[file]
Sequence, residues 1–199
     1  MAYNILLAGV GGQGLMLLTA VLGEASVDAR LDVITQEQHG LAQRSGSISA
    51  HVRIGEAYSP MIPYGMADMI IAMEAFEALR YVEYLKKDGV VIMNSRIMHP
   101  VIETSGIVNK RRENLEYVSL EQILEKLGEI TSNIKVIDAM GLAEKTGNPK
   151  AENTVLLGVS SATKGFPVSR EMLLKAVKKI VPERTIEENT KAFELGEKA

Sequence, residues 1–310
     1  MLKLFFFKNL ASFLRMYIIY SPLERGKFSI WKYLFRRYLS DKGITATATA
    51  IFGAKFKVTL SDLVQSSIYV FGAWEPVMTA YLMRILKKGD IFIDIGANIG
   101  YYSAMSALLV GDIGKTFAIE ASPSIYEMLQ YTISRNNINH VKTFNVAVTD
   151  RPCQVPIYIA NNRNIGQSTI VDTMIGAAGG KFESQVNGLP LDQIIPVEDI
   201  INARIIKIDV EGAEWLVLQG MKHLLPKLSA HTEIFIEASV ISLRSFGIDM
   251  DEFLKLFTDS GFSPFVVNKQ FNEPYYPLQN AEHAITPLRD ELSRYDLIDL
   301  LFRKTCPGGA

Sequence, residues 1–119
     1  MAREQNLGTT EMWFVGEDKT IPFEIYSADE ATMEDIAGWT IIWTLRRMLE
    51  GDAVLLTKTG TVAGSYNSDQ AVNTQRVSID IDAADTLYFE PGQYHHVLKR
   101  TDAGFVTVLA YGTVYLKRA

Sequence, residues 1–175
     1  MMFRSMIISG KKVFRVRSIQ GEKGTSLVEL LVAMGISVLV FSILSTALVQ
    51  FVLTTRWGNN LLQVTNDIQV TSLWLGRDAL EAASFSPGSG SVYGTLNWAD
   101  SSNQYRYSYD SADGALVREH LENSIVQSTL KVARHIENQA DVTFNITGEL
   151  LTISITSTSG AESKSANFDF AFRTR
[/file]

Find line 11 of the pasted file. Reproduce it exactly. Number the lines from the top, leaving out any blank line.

   201  INARIIKIDV EGAEWLVLQG MKHLLPKLSA HTEIFIEASV ISLRSFGIDM